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A missing sail and compass … Part 1

March 5, 2012

My dad’s family home in Kensal Green, London was bombed during the 2nd World War so they went to live in their holiday home, on Canvey Island. My dad was always mad on sailing and had a dinghy.  The Master of a Thames barge lived nearby and Dad was always stowing away on the vessel and not coming out until it had left land, too late to put him ashore until the first port of call. His mother got tired of that and sent him to sea school- on the T.S. Vindicatrix. Dad hated it, apparently the treatment of the trainees was harsh and unforgiving – not unlike the environment he had left. He joined the Merchant Navy in 1940.  Meanwhile he continued to enjoy sailing his dinghy between trips.

He sailed to Zealand for lamb or to bring beef from South America. German submarines used to lay in wait off Freetown, Sierra Leone and on one occasion my dad’s ship was torpedoed there. So they took to the lifeboats, an American plane flew low over them and dropped some cigarettes but nothing to light them with. The airmen, via the radio gave them a compass direction to nearest land,  wished them God’s speed and flew on. The compass directions didn’t agree with what the bosun had worked out for them. He asked what he should do, the sailors said they would have gone happily with his readings if the plane hadn’t appeared so stayed with his directions – and they were proved right. During the long days afloat they discussed the future and Dad talked of his sailing at home, and said that when they reached land if nobody objected, he would like the ship’s compass for himself.  Another crew member who was a sailing enthusiast said that he would like the sail – and it was agreed.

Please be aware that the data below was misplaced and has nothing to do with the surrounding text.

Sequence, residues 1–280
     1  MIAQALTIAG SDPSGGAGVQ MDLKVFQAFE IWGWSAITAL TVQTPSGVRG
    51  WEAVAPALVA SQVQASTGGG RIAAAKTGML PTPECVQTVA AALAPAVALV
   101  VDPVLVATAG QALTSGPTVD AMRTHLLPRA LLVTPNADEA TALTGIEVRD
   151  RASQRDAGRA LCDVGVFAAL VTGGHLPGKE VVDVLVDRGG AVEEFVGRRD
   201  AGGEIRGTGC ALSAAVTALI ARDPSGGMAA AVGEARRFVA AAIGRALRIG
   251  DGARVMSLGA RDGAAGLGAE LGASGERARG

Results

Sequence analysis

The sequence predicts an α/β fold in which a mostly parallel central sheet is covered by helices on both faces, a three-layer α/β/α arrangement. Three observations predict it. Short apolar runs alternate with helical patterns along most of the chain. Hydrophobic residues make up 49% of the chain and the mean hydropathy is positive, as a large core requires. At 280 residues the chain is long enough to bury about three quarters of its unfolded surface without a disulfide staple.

Eventually they landed in Bahia, Sao Salvador where they sold the lifeboat to pay for transport. Taking the compass and sail with them they went inland to where a small charter plane could be found.  It was old and frail working on only one engine. The owner agreed to fly them to Cape Town where a plane was waiting to take prisoners of war and displaced seamen home. He couldn’t risk the weight of sail and compass, so regretfully they left them behind …

to be continued.

One Comment leave one →
  1. January 20, 2014 11:17 am

    Reblogged this on Living, Libraries and [Dead] Languages and commented:

    Today my daughter left for her home in Brazil … While I am still in holiday mode and not yet prepared for daily writing (hoping usual life will return or not soon) I remember that by dad also had links to South America and even visited Brazil. My son-in-law was also a Sailor and would have loved my dad too!

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